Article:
A couple nights ago, a Sports Illustrated writer posted a question on Twitter. He asked his followers, "How many of you have a photograph of the single best moment of your life?" His followers answered the call, and the pictures came rolling in.
I stumbled across a Buzzfeed article showing the best pictures he collected, and I started thinking about my moment, and whether I have a picture of it.
And it turns out, I do.
A lot of people love their wedding days. They relish the hair and makeup, getting dressed, being surrounded by friends and family, and the spotlight.
I was not one of those people.
My wedding day was marked by anxiety. Not anxiety about getting married. In that, I was perfectly calm. But rather anxiety about being in the center of attention. About being required to talk to the 200 people who had traveled from all over the country and all over the world to be in Pittsburgh on that Sunday afternoon. I don't do well with crowds, and I don't like being in the spotlight, which is problematic on your wedding day, when the biggest spotlight of all is cast directly on your face.
I spent much of the morning and early afternoon of that day wishing it was Monday morning and that I was already married. During the different parts of the ceremony that mark an orthodox Jewish wedding, I could feel 400 eyes trained directly on me, and I had to force myself not to start fidgeting.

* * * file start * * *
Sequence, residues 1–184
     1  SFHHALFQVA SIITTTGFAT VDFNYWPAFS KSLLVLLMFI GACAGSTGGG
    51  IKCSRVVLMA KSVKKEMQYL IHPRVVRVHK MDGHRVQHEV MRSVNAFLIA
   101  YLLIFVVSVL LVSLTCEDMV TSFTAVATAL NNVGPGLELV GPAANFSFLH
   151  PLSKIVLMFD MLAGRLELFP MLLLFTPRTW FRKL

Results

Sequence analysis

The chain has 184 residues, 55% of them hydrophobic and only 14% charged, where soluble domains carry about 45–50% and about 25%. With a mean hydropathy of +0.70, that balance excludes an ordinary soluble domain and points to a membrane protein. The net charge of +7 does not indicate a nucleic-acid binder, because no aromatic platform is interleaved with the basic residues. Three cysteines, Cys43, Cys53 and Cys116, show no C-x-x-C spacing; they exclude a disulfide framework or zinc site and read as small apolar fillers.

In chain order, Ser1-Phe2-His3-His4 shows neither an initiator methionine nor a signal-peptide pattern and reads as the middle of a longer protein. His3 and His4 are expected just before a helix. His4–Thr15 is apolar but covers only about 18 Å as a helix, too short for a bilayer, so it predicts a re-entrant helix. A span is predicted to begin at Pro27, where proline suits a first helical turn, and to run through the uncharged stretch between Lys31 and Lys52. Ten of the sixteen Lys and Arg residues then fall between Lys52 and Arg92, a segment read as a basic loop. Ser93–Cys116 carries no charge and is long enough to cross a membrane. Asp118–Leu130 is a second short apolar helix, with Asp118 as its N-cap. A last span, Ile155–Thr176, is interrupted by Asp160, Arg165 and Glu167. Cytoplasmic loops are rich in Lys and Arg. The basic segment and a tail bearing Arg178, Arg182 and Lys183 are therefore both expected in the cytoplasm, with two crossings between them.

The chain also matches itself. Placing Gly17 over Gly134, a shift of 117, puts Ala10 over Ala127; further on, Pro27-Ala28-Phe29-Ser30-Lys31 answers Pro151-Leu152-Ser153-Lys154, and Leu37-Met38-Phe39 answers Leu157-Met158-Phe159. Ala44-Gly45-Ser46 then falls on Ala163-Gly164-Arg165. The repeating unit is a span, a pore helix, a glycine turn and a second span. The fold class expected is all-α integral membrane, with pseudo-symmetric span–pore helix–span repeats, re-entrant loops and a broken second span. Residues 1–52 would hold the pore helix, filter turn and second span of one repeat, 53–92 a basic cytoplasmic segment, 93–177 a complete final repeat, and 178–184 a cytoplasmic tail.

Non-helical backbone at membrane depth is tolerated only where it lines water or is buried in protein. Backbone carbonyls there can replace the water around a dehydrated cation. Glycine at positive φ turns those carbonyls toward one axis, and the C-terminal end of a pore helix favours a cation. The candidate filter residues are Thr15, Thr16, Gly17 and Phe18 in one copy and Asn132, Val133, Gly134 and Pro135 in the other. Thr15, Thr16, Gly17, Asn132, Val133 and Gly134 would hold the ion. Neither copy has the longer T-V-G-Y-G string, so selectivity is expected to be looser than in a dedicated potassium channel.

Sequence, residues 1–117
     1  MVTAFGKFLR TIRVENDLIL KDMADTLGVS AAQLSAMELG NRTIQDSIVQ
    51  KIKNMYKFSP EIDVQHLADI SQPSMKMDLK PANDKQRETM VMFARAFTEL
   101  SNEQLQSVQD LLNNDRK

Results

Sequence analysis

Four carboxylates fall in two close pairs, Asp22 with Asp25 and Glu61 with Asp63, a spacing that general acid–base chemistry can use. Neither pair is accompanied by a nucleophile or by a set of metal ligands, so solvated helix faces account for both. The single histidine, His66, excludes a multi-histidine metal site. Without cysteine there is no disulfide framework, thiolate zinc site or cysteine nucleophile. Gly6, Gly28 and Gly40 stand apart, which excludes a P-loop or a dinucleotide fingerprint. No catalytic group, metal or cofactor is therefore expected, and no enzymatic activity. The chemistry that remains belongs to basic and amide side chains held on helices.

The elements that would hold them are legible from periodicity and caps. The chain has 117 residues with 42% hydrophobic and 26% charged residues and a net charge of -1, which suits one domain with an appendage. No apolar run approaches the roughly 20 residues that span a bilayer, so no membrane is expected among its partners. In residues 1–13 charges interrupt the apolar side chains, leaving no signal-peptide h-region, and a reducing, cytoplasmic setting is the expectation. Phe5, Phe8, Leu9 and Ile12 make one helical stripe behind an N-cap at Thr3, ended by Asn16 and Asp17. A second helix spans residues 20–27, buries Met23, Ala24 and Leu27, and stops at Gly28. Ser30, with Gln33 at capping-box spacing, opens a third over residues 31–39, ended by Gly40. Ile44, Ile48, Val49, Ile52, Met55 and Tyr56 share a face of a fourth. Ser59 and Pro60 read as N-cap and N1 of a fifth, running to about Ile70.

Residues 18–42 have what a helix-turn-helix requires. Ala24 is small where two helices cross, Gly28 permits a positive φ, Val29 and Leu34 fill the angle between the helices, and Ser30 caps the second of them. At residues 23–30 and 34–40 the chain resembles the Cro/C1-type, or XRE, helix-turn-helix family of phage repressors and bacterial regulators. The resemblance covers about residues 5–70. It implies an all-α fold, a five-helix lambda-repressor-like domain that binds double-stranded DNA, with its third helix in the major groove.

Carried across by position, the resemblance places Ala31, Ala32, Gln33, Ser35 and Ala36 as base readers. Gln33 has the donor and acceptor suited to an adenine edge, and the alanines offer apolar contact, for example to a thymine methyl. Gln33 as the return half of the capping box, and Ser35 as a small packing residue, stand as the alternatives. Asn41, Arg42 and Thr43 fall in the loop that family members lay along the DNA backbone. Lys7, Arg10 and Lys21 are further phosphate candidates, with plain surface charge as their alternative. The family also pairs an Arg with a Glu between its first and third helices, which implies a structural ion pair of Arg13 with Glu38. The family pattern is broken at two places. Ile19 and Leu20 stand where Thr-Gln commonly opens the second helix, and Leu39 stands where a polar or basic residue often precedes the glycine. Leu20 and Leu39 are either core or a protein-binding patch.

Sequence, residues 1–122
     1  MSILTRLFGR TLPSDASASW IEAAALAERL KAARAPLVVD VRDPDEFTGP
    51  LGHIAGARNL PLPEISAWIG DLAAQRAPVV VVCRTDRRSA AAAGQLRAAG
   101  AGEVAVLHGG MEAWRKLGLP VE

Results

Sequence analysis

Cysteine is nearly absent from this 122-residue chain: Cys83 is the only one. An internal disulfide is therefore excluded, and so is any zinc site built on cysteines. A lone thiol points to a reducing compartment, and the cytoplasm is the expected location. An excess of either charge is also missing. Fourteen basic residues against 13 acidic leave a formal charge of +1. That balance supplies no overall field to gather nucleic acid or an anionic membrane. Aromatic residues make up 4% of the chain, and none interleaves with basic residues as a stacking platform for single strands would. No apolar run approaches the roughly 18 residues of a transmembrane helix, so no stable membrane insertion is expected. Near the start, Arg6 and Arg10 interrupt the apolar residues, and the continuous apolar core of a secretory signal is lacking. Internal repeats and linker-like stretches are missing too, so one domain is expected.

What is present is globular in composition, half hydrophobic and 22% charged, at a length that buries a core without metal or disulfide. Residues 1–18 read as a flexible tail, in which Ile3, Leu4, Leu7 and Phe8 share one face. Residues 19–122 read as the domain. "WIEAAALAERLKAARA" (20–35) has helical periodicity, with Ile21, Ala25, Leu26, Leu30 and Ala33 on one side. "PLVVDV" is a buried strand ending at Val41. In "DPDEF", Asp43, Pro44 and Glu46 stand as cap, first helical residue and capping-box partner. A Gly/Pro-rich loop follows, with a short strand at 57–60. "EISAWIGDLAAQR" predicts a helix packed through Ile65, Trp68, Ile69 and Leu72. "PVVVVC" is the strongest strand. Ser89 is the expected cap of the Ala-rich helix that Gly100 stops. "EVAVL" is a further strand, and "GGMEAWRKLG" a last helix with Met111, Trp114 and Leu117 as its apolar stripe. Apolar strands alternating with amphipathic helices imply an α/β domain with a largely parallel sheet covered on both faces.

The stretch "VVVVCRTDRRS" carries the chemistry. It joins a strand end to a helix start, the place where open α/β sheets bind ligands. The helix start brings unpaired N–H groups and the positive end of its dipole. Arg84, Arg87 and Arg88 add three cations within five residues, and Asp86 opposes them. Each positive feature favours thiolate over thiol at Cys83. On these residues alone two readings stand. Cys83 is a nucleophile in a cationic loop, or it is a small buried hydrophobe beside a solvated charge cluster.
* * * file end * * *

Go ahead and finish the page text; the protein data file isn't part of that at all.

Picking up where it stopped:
And then, something happened.
The second part of the Jewish wedding ceremony under the chuppah is called nissuin, literally meaning "nuptuals," and is marked by the recitation of seven blessings, or sheva brachot. It is customary for family members and close friends to join the couple under the chuppah to recite these blessings, and the people who will be reciting the blessings are told ahead of time, so they know when they will be called up, and what they are supposed to say.
Well, there was a bit of a miscommunication before our wedding, so for the fourth blessing, the person who was supposed to say the fifth blessing was called up, and he had no idea what to do. No one knew what to say, or how to fix it, everyone was whispering and trying to make sense of the mistake, and our chuppah descended into hilarious chaos.
And for the first time all day, I relaxed. For the first time all day, I was in the moment instead of floating somewhere above, watching it all happen.
And our brilliant photographer caught that moment on film. My happiest moment.
The moment where everything was chaos, no one knew what to do, and David and I were standing under the chuppah, hand-in-hand, laughing at it all.